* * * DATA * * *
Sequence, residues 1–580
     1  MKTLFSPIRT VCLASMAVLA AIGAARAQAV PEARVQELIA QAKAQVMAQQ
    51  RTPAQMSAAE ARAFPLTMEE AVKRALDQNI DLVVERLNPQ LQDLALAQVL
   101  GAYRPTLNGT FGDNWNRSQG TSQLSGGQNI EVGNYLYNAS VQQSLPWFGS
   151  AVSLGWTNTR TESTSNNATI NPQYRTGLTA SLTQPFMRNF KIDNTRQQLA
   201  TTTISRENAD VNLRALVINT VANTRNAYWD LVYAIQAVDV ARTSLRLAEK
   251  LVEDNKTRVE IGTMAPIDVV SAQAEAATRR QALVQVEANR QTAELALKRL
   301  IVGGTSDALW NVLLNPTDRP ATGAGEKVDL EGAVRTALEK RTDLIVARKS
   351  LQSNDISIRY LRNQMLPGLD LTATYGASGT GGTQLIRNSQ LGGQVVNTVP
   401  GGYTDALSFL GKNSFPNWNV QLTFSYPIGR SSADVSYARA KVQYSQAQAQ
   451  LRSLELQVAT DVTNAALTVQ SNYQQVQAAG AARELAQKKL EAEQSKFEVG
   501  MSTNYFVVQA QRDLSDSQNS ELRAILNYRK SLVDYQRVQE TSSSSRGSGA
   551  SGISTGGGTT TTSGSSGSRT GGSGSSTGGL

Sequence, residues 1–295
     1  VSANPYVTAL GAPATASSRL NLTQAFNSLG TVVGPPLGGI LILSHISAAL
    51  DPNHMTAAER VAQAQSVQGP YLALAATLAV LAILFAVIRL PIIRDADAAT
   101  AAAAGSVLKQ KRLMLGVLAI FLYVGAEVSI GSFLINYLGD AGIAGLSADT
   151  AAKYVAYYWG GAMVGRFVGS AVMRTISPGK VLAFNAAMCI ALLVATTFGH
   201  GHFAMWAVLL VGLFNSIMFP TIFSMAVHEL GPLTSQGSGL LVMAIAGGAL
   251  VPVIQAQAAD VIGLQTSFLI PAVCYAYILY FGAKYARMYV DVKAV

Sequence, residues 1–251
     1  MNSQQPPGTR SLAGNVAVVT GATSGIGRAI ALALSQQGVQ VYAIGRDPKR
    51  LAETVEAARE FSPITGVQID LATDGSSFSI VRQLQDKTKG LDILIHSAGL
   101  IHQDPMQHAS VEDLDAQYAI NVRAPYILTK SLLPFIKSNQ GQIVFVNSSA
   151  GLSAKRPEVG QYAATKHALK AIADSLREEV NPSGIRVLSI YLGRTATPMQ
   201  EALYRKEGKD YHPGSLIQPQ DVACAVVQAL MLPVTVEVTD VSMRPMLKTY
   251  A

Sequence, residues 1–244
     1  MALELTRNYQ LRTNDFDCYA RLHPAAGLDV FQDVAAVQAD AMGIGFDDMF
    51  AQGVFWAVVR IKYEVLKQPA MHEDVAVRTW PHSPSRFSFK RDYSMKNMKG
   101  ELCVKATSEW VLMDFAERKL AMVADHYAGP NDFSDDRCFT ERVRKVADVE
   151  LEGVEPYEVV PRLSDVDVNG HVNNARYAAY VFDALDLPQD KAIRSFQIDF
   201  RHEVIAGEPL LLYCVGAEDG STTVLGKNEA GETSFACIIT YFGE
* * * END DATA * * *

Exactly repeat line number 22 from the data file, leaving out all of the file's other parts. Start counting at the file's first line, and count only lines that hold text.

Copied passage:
     1  MNSQQPPGTR SLAGNVAVVT GATSGIGRAI ALALSQQGVQ VYAIGRDPKR